Steger: There are still many positives: first, globalism is about mobility, not just of goods and services, but of open borders—a philosophical sense of people and things and ideas being able to flow with minimal obstruction. I think mobility is written in our DNA. I think we are a species that only survives and exists by our tremendous ability to move around, and globalism facilitates mobilities of all kinds. The second is cosmopolitanism: a trans-planetary consciousness means a sense of the local connected to the global. These are not opposites, as they are often portrayed by anti-globalist populists. It is the idea of ‘Glocalism’. Cosmopolitanism is not about some abstract connection to the planet, but about being embedded in local context, and at the same time being aware of the world and its interdependence. The third positive is about our ability to take “the next step” as a species, both materially and in terms of ideas. Humans are at a place in their development where they are reaching real planetary limitations. It requires what some describe as a “global systemic shift”. I believe that in order to make that shift, a globalist path is absolutely necessary: as humans, we have to find new energy sources, new ways of educating people, we have to think about inequalities, security issues… wherever you turn you will need a globalist consciousness to get over those hurdles.
With the rise of the populist Right in Europe as evidenced in the recent EU elections in which the right gained just over 30% share of the vote in Italy and Britain while Hungary’s Fidesz won 52%, how can globalists take back that ‘discursive space’ you mentioned?
Steger: I think it requires the Left to rethink some of its fundamental assumptions. The best way for them to deal with this crisis is not to try to steal the strong suit from the Right, and return to some kind of Keynesian National Imaginary, but to propose an alternative vision for the global imaginary. For the European Union, this alternative can be found by playing up the advantages of mobility, the advantages of interconnectivity, the advantages of a regional block that is based upon higher degrees of interconnectivity and interdependence. That’s a tall order, but I think it can only go in that direction—make a very good argument in favour of integration.
Mobility is written in our DNA. We are a species that only survives and exists by our tremendous ability to move around, and globalism facilitates mobilities of all kinds.
Is this an ideological struggle against Right-wing populists?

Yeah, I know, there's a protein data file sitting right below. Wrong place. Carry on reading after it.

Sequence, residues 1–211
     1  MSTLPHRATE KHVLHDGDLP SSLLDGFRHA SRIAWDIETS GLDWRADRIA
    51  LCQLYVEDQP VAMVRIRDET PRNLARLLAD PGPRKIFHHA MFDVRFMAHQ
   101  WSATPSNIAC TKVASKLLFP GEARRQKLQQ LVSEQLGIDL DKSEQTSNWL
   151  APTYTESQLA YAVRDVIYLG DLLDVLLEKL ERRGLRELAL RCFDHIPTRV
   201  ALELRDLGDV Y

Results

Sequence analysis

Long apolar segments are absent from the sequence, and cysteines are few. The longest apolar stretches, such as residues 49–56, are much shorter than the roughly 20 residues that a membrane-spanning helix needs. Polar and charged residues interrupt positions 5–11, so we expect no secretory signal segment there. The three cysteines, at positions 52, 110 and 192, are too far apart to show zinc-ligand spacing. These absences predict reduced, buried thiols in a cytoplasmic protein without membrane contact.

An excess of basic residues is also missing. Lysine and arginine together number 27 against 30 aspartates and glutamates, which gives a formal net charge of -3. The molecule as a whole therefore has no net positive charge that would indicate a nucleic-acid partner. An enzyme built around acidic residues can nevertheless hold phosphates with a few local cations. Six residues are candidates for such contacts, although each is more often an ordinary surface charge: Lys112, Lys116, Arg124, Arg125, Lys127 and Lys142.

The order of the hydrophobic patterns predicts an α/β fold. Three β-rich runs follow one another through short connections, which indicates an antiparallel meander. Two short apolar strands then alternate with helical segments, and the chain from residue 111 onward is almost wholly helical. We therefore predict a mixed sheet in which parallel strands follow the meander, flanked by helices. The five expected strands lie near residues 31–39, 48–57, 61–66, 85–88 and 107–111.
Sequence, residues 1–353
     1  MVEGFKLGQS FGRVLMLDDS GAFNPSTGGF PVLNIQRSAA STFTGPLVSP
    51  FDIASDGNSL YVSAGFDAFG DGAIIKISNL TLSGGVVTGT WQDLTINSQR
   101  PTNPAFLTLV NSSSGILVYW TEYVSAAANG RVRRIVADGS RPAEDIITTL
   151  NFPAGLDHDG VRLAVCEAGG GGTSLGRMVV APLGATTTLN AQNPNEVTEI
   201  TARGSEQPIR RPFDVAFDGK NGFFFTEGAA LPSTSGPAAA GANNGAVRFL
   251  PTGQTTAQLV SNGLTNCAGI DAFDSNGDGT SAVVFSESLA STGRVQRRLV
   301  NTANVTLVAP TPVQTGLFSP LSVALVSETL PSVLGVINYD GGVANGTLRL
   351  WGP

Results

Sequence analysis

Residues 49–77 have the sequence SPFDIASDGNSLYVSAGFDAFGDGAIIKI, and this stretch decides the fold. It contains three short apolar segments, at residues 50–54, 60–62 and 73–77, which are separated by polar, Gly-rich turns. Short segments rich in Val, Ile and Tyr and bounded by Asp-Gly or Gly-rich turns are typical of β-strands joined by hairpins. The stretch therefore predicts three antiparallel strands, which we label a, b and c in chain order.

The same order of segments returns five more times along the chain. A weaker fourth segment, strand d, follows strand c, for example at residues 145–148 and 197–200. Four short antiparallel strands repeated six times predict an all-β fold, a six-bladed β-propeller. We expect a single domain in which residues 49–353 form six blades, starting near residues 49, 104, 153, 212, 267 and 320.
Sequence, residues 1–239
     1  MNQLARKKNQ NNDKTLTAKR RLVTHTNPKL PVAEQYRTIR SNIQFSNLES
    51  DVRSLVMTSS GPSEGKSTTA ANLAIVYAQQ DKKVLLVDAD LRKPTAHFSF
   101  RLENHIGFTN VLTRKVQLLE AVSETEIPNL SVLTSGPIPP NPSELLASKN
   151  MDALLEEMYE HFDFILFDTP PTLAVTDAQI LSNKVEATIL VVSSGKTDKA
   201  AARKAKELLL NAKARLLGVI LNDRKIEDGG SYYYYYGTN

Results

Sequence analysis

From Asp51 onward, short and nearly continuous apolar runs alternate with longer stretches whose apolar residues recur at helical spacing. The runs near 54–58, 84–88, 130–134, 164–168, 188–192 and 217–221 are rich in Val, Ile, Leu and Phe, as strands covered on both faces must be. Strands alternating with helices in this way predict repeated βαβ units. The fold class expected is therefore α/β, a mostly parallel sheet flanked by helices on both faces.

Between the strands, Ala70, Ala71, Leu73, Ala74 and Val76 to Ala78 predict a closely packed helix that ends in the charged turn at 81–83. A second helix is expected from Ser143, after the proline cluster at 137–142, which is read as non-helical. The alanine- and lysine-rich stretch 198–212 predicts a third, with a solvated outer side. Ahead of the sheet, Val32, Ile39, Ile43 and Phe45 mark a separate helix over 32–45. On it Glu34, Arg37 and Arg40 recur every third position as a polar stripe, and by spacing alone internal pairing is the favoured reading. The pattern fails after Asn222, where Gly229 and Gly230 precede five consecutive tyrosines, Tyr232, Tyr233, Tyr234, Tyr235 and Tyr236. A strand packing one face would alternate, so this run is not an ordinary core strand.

Steger: One of the biggest challenges for the Left is to stand up to populists in this battle over defining globalization. Populists base their paradigm on a deeply-rooted assumption that mobility is bad thing: “Let’s keep borders. Let’s keep silos. Let’s not change too much, and possibly if we get rid of immigrants and bring some of those old jobs back everything will be fine.” It’s a bias in favour of a static social imaginary.
So far the justice globalist vision based on redistribution of social justice and market regulation seems not to have taken hold of populations Europe. What would you suggest as an alternative route?
Steger: For justice globalists, there are two parts to the path: one is always ‘Ideas’ and the other is always ‘Institutions’, and they always go together. You can’t have effective ideas without institutional infrastructure, and you can’t build institutional infrastructure without the people that are willing to buy into appealing ideas. It’s a kind of chicken-egg problem, but you have to start with both.
What are those ideas that the Left can use to inspire institutions?
Steger: Globalists must put mobility at the front burner. It has to show the importance, for example, of learning languages, of being able to travel, of digital mobility and digital literacy--the technological paradigm which is based on mobility of ideas and information. They need to say they stand for mobility with regards to ideas, culture, music--exchanges where technological infrastructure is needed. The Left has to lay out how integration works in ways in which people don’t feel threatened to the extent they are now. That’s where I would start.